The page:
On the day of the service, you draw the blood sample, label it properly, take photographs of the horse and note its breed, color, sex and markings. Back at the office, a staff member (or you, if you are a solo practitioner without staff) spends 10 minutes to upload your photos and enter the horse’s information into a program like Global Vetlink. The blood is packaged up for shipping to—or pick-up by—the lab, which takes two minutes.
A few days later, your staff downloads the results to print and mail, or e-mails the results to the client. This takes five minutes. The lab charges you $10 for every Coggins it processes, which includes shipping or pick-up.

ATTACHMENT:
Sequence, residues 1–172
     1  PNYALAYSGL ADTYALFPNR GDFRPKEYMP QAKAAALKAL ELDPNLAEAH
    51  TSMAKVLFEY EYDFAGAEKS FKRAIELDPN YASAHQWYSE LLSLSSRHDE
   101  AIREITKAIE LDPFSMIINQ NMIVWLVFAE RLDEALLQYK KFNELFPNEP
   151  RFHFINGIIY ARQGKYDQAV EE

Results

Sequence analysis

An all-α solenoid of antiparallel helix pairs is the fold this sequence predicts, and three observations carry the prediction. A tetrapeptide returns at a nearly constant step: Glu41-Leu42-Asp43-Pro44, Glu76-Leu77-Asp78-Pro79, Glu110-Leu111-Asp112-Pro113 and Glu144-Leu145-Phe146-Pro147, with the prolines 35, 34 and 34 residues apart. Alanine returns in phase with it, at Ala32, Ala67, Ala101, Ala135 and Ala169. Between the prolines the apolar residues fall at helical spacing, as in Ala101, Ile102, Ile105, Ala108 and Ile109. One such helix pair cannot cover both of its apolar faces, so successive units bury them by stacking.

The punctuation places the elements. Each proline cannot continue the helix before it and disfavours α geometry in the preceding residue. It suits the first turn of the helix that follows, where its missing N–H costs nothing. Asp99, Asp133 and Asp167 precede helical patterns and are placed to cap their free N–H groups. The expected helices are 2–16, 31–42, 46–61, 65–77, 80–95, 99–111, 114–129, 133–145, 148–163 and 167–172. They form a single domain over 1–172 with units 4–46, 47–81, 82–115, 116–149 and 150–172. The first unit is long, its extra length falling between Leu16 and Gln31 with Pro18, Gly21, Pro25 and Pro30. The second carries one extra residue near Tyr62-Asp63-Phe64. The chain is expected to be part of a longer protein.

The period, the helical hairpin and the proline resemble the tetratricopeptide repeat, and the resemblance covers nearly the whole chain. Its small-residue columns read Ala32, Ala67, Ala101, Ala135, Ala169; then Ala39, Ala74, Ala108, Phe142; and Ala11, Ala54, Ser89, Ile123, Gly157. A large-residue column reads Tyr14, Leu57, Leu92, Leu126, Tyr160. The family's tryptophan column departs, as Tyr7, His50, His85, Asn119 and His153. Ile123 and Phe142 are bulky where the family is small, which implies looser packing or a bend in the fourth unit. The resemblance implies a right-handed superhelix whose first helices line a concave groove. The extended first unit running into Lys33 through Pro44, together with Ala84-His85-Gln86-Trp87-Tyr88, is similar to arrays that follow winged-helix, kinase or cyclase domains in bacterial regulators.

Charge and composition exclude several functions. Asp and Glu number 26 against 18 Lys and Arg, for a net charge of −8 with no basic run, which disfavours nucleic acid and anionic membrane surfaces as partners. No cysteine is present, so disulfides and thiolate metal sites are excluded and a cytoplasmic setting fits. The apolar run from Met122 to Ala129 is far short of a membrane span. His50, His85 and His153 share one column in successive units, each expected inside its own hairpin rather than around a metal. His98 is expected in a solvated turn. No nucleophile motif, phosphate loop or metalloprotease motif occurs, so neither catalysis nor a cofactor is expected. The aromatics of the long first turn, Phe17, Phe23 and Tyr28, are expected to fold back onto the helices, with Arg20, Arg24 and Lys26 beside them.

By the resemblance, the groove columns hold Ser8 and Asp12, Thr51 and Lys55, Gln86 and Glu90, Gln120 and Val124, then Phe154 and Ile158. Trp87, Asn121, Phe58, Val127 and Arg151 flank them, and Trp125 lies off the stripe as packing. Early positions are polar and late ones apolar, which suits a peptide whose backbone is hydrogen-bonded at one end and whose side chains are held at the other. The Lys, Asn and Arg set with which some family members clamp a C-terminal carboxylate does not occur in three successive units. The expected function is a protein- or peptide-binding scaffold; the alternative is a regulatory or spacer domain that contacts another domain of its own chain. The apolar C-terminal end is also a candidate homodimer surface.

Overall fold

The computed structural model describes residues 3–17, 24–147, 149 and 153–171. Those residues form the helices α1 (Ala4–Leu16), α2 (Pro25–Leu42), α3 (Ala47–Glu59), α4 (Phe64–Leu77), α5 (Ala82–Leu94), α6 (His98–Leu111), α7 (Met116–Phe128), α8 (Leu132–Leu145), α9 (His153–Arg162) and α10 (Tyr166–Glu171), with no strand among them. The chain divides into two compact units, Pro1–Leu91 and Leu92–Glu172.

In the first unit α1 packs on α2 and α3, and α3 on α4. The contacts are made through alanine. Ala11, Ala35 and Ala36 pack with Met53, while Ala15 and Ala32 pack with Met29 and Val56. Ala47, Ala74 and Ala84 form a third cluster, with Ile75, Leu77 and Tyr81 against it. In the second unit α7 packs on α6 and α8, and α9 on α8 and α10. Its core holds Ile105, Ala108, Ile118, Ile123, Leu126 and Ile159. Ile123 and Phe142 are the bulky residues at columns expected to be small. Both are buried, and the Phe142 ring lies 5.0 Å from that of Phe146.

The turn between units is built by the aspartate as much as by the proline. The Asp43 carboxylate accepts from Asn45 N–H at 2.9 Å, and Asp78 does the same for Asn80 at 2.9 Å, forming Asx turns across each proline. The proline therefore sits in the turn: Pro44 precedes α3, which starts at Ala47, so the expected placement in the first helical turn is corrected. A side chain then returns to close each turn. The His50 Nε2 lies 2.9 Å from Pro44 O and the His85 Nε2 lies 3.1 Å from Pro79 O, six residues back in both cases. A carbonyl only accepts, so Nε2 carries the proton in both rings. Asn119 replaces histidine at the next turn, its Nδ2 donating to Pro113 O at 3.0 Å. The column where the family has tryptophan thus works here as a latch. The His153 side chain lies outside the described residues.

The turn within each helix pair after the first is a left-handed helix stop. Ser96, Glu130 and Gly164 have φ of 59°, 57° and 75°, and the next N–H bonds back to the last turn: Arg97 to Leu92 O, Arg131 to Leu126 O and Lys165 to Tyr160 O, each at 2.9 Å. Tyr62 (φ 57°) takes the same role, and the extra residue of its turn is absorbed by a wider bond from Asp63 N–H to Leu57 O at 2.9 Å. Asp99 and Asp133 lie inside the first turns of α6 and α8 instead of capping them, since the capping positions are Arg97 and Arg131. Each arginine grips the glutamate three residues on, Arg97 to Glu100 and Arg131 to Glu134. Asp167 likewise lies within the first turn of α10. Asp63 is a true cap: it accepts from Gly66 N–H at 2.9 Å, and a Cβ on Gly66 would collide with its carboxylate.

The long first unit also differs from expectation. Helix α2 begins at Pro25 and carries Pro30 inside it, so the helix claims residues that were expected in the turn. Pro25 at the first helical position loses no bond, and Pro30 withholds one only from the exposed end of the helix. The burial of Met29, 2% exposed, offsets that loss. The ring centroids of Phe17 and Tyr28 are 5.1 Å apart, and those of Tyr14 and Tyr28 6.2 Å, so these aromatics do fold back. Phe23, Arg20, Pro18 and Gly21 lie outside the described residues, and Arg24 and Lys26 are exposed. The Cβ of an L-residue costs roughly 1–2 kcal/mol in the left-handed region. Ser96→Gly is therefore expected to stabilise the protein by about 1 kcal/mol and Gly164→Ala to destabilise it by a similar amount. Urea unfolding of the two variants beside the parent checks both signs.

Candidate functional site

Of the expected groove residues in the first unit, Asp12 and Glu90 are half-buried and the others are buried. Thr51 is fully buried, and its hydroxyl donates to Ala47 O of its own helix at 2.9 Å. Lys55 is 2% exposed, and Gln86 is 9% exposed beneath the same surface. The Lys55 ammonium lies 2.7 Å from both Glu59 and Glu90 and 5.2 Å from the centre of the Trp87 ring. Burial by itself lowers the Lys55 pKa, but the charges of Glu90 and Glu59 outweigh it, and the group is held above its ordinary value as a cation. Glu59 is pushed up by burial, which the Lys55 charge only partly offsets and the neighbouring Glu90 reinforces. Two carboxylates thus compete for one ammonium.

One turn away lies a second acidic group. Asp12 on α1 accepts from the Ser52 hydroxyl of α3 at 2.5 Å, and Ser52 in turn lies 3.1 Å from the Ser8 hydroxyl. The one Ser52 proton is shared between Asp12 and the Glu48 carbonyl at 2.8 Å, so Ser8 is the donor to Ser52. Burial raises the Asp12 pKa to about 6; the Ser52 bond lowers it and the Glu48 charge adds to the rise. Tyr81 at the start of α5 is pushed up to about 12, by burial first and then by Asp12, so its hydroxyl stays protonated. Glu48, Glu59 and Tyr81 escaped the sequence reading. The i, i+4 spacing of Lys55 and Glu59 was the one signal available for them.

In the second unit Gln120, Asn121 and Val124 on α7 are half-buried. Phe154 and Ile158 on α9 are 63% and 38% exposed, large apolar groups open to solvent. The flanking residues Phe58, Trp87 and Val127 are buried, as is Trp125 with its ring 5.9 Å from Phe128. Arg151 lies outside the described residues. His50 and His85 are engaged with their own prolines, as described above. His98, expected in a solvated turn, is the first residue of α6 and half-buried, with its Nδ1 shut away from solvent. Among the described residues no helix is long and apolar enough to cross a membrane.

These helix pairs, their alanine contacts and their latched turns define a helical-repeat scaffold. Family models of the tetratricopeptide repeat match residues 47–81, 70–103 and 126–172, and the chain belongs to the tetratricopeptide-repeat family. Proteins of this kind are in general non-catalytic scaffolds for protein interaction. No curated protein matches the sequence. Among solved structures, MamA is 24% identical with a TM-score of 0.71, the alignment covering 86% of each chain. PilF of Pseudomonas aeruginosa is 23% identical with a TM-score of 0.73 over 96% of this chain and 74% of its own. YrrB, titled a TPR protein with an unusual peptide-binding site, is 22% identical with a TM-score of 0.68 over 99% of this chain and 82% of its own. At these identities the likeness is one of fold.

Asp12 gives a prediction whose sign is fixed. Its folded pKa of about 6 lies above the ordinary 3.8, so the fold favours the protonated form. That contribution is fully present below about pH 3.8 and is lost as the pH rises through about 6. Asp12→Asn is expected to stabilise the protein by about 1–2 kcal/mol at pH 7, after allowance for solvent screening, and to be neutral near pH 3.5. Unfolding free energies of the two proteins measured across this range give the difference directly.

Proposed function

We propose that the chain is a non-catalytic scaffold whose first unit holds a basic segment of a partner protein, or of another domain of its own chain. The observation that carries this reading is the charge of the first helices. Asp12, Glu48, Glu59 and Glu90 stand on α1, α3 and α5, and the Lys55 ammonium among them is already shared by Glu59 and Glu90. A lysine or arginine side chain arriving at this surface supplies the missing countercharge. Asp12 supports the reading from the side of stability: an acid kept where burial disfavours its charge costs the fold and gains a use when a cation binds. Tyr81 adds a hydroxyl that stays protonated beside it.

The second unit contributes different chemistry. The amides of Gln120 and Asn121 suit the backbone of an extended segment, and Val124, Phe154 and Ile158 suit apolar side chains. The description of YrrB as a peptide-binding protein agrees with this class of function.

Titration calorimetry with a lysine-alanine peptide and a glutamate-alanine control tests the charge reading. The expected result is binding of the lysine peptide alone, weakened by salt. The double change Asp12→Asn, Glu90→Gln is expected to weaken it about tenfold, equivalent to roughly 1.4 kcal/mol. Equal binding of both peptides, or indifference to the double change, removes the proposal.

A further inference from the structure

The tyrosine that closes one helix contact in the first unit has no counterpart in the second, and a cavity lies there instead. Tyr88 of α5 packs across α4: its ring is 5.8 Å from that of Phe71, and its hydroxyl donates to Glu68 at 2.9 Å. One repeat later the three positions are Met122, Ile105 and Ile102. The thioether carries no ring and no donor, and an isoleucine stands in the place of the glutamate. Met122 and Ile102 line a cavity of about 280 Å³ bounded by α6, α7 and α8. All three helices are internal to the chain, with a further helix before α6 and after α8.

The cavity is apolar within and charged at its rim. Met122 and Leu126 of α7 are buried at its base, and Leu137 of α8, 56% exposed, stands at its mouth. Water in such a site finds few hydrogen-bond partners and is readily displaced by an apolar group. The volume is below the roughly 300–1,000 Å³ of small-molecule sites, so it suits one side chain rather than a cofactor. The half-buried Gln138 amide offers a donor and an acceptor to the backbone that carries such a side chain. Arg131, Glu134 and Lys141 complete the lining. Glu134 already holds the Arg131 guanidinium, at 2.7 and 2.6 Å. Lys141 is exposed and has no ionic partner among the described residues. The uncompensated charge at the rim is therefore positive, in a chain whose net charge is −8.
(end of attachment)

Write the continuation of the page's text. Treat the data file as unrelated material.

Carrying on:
So how would you determine an appropriate fee for the Coggins test? Let’s say staff members make $15/hour. When you add in the cost of their benefits (health insurance, etc.), payroll taxes and other fees, they likely cost you double their hourly wage, or $30/hour. Employers are required to pay taxes and fees for each of their employees, including Social Security, Medicare, state and federal unemployment tax, and Worker Compensation insurance. If you have part-time help with no benefits, their tax and other fees cost you about 10% of their wage, or an additional $1.50 per hour. For the purpose of this discussion, we will assume you have a full-time employee that costs you $0.50 a minute.
After accounting for all of these steps, the total fee should rationally be $46, but there is one critical step left. Every business owner needs to make a profit.